a teacher asks children to listen they ought to ask themselves if they believe the children genuinely want to hear
what they are saying. If the students don't want to hear it, they won't hear it, no matter how much we threaten
7. Motivation, not resignation
Children are discouraged from pursuing their own interests in school. The job of a teacher is to expand the
horizons of the student, to cause the student to have more interests not less. It is a good idea to allow teachers to
advertise different possibilities and let teachers teach what they know best in response to the expressed interests
of the children. Motivation is a terrible thing to waste. Everyone doesn't have to learn the same stuff. No more
standard curricula!
8. Fun fun fun
Learning is fun and school isn't. Making school fun doesn't mean having the teacher dress up in a clown suit,
or making teaching into Jeopardy. It does mean making learning fun in school in the same way that it is fun out of
This list does not detail everything that could be done to fix education. Nevertheless, it gives an idea of
where to begin. High-quality software could help make these changes possible.

The Student Bill of Rights

School should not be a place where teachers and administrators make students jump through arbitrary
hoops, memorizing things that could not possibly matter in real life. How does a student tell the real things to be
worked on, the stuff that matters, from the junk, the stuff that is part of the curriculum because no one ever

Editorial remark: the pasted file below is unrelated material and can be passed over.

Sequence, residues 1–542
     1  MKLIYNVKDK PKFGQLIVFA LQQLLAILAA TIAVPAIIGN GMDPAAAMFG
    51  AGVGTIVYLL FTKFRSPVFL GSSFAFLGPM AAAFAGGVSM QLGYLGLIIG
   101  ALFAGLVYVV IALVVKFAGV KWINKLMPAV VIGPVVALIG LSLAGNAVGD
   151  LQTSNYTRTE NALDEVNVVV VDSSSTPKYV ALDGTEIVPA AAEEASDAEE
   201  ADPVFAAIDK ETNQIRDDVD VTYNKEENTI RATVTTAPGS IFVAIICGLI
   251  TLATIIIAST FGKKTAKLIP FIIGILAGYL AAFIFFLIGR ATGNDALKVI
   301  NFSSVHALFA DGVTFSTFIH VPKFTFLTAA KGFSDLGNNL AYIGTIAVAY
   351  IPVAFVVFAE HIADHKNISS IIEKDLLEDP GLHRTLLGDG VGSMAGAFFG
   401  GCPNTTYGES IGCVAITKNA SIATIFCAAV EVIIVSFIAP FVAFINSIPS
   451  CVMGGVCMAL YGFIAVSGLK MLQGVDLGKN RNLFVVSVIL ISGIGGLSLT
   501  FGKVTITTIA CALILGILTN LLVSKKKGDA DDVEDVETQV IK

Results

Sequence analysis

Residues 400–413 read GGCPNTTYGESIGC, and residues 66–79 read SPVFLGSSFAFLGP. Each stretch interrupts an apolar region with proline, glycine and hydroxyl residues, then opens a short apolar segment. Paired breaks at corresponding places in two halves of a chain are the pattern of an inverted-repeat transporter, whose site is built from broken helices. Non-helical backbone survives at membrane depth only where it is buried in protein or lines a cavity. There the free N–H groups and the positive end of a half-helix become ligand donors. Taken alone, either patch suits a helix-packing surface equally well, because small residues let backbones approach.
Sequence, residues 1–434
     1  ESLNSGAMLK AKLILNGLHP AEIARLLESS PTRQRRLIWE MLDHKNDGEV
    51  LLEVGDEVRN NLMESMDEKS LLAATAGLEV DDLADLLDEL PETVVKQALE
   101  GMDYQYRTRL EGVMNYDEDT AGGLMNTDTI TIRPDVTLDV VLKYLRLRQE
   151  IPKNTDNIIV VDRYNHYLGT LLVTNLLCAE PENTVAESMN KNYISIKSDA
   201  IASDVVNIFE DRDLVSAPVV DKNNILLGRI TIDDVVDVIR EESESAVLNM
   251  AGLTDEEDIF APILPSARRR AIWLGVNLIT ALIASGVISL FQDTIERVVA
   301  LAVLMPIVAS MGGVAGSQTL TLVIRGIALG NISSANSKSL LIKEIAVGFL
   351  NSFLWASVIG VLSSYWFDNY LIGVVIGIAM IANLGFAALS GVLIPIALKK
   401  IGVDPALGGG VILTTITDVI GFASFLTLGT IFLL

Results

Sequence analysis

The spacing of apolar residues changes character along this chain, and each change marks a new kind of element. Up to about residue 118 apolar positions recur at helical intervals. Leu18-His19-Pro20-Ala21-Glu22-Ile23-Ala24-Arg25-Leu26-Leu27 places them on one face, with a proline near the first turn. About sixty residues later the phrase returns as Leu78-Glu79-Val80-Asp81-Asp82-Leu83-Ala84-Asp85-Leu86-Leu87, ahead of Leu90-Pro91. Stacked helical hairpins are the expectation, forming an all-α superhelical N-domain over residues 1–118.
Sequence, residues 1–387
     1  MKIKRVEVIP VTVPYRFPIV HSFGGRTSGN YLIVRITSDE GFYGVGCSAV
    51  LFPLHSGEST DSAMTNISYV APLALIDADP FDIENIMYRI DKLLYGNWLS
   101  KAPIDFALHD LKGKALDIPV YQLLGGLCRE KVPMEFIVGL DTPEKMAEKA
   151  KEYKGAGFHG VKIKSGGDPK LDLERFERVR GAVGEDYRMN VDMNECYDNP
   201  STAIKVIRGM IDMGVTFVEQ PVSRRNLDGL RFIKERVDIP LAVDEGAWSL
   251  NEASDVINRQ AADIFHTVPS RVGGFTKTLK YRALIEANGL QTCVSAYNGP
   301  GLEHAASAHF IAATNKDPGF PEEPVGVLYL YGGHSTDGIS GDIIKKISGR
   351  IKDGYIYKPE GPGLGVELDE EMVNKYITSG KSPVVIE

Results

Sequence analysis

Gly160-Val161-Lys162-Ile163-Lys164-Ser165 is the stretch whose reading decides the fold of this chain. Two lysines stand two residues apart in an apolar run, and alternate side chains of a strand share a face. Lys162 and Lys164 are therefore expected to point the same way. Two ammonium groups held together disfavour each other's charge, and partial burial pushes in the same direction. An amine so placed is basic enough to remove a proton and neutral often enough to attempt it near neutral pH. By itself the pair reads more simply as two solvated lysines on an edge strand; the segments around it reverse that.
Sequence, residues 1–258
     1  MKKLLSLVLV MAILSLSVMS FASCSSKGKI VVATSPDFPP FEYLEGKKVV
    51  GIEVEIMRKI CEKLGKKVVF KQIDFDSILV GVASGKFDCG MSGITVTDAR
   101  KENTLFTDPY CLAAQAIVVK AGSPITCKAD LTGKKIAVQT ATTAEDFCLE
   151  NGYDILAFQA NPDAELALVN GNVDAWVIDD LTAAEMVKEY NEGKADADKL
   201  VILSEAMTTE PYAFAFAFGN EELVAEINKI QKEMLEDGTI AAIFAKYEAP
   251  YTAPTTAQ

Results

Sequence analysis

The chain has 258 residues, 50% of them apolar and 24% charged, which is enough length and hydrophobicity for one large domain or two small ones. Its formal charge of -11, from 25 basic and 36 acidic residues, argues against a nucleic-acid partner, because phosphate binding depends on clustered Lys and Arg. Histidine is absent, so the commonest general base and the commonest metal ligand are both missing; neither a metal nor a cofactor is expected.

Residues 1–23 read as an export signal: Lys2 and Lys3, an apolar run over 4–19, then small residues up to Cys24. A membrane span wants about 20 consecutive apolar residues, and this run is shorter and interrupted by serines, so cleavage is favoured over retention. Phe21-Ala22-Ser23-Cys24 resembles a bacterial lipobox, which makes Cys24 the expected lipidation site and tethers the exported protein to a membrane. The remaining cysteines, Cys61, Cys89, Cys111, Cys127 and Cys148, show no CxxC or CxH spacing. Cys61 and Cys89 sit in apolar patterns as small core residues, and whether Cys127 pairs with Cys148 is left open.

thought about it much, or the stuff that is part of the curriculum to help make teachers' lives simpler?
One way to improve matters is to allow students to have some say in their own education. I do not mean by
this that students should be part of curriculum committees. Students are not prepared to determine what other
kids should know any more than teachers, administrators, book publishers or cultural literacy advocates. But
students can determine what interests them, and they should have the right to complain when outmoded
teaching methods are in use.
For the use of students and teachers everywhere, and by way of summing up the real issues in education, I
present the Student's Bill of Rights:
1. Testing : No student should have to take a multiple-choice or fill-in-the-blank test.
2. Real-Life Skills: No student should be have to learn something that fails to relate to a skill that is likely to
be required in life after school.
3. Memorization: No student should be required to memorize any information that is likely to be forgotten in
six months.
4. Clarity of Goals: No student should be required to take a course, the results of which are not directly
related to a goal held by the student, nor to engage in an activity without knowing what he can expect to gain
from that activity.
5. Passivity: No student should be required to spend time passively watching or listening to anything unless
there is a longer period of time devoted to allowing the student to participate in a corresponding active activity.
6. Arbitrary Standards: No student should be required to prepare his work in ways that are arbitrary or to
jump through arbitrary hoops defined only by a particular teacher and not by the society at large.
7. Mastery: No student should be required to continue to study something he has already mastered.

8. Discovery: No student should be asked to learn anything unless there is the possibility of his being able to
experiment in school with what he has learned.
9. Defined Curriculum: No student should be barred from engaging in activities that interest him within the
framework of school because of breadth requirements imposed by the curriculum.
10. Freedom Of Thought: No student should be placed in a position of having to air his views on a subject if
the opposing point of view is not presented and equally represented.